Things started getting tough for me after his death, I had to move to the house he bought though not completely built. Towards the end of 2005, I got very sick which lead to my own dismissal from my work as a teacher in a certain private school. I knew even I become better, the owner will fire me.

I stayed at home without any thing to do and was being admitted in the hospital frequently and thought I will die, Especially when the best friend to my husband came with the advice and I quote: Why cant you go back to your home village you are just wasting your time living in town without a job and moreover you don’t have money, children are suffering, just sell your house, nowadays if the husband die next is the wife”Mlamu, umenewo ndi mtengano”

My neighbor, who happens to be a dream client was concerned with my sickness and advised me if we could go together to DREAM centre. It was my first time to hear about DREAM. When we arrived at DREAM I realize there was still hope for me. I still remember the warm welcome I received from an Italian dream staff, who asked me, how do you like your new family? And I answered what family? She said Dream. It is very good but I am not sure if it’s real. What do you mean? She continued, I said I have never seen this beautiful hospital just being offered to HIV patients.

The next appointment was that I was offered a job as an activist. Dream has been a blessing from God because when I came, the people were and are still eager to understand my HIV situation.
To work as an HIV activist has been my happiest moment. Dream has saved my life physically and socially, I am strong and able to take care of my family. Now I am contributing to save the lives of other patient’s am always happy to work with Dream and let the world know that we are children of God, who love and care for each other and that being HIV its not a death sentence, but the beginning of new life with a dream.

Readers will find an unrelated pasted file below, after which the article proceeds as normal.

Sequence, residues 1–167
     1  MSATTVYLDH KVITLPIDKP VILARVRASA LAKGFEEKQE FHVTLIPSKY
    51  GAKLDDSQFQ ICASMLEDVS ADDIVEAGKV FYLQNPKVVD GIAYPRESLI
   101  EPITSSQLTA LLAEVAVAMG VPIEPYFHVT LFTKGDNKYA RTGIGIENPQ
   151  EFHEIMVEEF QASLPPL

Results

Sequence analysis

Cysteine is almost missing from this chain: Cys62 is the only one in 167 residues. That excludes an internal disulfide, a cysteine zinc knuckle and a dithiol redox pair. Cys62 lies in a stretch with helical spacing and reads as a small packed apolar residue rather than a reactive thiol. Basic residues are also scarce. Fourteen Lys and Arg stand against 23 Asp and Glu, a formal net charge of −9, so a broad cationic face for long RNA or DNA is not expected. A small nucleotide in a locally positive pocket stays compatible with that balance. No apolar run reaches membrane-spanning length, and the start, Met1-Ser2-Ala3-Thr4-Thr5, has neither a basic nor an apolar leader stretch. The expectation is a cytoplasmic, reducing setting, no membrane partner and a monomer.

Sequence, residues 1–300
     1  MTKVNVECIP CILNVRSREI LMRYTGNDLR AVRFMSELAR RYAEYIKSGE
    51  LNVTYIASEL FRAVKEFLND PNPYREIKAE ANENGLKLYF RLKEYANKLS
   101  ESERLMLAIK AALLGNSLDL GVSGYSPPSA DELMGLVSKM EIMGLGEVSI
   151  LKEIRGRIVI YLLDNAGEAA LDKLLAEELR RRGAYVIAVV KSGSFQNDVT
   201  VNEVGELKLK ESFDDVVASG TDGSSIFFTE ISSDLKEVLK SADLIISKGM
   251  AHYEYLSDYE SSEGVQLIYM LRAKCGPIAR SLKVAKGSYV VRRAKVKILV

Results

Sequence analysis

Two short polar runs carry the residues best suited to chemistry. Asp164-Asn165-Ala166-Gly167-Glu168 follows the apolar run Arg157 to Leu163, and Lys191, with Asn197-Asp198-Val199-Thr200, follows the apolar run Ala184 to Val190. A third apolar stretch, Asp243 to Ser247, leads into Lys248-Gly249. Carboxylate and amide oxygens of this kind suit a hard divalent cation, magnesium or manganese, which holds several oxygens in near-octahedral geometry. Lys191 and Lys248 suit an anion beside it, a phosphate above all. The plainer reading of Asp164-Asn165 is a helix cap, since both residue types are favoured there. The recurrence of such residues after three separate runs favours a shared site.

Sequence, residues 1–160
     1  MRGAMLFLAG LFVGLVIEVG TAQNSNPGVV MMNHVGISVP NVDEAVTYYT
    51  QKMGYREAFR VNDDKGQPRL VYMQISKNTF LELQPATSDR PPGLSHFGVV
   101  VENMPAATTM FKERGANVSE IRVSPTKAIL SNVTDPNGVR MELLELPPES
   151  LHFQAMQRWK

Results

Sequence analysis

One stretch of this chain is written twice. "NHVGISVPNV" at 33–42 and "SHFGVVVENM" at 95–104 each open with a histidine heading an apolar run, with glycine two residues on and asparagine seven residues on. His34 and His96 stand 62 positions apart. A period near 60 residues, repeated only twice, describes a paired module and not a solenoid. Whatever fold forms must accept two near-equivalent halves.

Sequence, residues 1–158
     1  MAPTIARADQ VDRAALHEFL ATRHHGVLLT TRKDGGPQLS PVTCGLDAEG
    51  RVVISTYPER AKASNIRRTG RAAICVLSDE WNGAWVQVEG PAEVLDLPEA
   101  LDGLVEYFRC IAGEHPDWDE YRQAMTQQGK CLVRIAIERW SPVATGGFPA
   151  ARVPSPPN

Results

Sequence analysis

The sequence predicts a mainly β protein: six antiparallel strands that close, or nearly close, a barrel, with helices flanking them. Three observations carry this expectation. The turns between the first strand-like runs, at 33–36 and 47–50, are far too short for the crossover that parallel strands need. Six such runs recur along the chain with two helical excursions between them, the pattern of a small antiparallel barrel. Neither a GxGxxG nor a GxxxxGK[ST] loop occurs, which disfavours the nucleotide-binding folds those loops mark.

My gratitude will forever go to the community of Saint Egidio who trained me as V.C.T Counselor. My work is carried out in some antenatal units of the health centre. It is aimed at testing the pregnant women, preventing mother to child transmission. And after, the women are brought to the centre where are treated according to the protocol of dream. Throughout pregnancy, the contact with the dream is opportunity because women are encouraged to do a test with advice, encouragement and assurance they will receive treatment and in hope that they will have a health child free of HIV, often without support of the husband who might be dead, absent of work and many reasons.
My work is challenging especially to women who understand what dream is, when I talk to them and prefer coming to our center and get the therapy but they meet many hindrances like;
1. when they disclose their status to the husband some are divorced.
2. some are accused of bringing the virus into their marriage
3. some refuse to be tested in fear of their husband
4. some even stop taking the ARV therapy in fear of their husband this may result to poor adh